It was during the time that Athanasius served as secretary to Bishop Alexander that a controversy arose in the church of Alexandria, a controversy that would sweep across the Empire and divide the church. The source of this great whirlwind was a man by the name of Arius.

Arius was a priest in the city of Alexandria. Beginning around the year 319, this man began to publicly preach and teach his own views on the divinity of Jesus Christ. He taught that the Son was not eternal like the Father; rather, the Son was a created being like men and beasts. Arius’ catchphrase was: “There was a time when he was not.” This meant that the Son was not co-eternal or co-equal with the Father. He was subordinate to the Father. The implication of Arius’ teaching was two-fold: a denial of the Trinity and a denial of the full divinity of Christ. By arguing that there was a time when the Son did not exist, Arius was essentially saying that there was a time when the Trinity did not exist. There only would have been a Father. But even that name is wrong, because God cannot be a Father without a Son. So, all that Arius’ imagination envisioned was a singular Deity. That is, until the Son was created. But the Son that Arius conceived of was not fully God. He was not the same as the Father; he was not of the same essence. He did not partake fully of the divine.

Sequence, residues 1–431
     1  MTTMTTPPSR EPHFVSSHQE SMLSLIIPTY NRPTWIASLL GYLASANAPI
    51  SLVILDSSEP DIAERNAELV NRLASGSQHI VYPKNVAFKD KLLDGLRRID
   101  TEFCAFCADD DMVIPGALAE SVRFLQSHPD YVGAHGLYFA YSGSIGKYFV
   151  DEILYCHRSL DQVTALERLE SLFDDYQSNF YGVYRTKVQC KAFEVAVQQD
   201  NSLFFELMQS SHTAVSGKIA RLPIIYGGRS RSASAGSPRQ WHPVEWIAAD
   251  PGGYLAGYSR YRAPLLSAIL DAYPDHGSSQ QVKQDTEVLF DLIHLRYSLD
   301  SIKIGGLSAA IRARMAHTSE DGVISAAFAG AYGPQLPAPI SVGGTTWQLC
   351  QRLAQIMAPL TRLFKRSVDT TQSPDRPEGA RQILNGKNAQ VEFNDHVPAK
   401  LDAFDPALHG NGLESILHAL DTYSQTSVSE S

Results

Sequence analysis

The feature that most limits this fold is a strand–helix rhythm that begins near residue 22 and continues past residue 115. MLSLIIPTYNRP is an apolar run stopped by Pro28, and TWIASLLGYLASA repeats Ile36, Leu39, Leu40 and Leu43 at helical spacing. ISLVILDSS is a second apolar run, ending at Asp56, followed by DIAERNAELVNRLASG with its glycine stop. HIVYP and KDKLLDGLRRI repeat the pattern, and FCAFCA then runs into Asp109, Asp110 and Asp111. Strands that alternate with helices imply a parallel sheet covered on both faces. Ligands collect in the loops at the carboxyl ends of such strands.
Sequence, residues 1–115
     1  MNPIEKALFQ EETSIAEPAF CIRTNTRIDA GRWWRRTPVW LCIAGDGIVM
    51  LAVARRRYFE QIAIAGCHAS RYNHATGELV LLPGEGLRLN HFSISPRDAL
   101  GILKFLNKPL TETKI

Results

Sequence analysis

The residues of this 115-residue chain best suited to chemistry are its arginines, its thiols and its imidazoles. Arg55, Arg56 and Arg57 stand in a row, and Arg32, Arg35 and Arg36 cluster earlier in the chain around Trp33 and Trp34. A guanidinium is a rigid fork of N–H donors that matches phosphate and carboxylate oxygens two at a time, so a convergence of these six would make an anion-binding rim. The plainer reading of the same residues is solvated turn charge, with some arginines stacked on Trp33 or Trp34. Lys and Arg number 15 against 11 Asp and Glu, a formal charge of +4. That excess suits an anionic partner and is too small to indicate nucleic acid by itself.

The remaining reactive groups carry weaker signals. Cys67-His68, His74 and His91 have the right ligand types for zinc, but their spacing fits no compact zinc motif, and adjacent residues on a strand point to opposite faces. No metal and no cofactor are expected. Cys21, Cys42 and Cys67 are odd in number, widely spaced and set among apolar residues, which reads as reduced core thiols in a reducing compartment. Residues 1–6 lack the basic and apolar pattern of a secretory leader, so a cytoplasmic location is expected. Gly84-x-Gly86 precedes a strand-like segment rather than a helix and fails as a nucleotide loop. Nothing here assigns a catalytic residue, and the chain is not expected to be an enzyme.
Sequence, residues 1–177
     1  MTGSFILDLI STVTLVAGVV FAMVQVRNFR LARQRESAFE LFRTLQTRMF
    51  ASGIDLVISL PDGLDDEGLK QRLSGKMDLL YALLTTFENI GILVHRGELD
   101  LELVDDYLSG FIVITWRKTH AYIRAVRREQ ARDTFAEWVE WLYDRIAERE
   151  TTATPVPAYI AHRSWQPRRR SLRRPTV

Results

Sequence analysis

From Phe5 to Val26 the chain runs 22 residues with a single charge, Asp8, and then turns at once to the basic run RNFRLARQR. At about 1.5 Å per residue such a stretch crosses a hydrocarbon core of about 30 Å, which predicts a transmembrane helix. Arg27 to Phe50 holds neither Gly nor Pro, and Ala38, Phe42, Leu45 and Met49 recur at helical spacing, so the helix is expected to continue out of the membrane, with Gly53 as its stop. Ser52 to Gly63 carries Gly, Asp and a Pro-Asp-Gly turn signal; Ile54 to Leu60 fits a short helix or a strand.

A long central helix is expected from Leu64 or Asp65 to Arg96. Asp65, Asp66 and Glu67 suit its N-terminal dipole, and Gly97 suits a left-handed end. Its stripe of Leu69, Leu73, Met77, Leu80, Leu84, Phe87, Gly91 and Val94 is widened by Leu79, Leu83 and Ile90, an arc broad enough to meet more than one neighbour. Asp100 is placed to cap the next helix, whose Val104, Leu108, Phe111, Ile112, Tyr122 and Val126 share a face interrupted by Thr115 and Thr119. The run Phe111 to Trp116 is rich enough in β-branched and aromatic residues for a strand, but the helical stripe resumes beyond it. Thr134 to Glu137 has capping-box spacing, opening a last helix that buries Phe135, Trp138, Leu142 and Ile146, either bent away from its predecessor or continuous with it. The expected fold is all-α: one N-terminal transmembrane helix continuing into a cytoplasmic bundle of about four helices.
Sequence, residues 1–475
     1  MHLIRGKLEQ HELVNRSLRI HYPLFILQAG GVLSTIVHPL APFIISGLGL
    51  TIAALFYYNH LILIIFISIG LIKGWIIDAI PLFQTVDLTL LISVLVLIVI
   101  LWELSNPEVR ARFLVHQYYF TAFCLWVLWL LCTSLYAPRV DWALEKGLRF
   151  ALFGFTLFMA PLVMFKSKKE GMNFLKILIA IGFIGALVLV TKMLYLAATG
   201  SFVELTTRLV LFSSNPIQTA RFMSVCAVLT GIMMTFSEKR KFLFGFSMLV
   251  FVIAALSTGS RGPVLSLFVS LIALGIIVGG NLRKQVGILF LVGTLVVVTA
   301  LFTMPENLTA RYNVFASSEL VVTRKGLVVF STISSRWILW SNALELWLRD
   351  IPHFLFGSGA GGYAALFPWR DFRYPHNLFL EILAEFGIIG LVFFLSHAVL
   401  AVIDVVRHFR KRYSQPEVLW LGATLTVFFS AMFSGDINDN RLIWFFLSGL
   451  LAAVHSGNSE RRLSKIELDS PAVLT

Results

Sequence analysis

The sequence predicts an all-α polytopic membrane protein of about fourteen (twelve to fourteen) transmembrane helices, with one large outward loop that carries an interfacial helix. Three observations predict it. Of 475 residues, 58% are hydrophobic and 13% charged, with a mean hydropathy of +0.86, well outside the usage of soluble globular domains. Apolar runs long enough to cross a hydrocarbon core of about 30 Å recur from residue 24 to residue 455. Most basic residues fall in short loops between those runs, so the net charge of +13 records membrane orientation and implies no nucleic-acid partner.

To the Reformed reader this all seems absurd. “Arius is in Wonderland,” you might say. “How could these ideas ever pose a threat?” The truth of the matter is, however, that the teachings of Arius were a major threat. At that time in history the church had no official creed that clearly set forth and explained the Biblical doctrine of the divinity of Christ and the relationship of Christ to God. The church had no official stance, so people like Arius believed whatever they wanted. Such people were heavily influenced by the pagan philosophy of the Greeks, especially Plato’s views on subordination. Arius embraced this subordinationism and took it even farther than anyone else had done before him.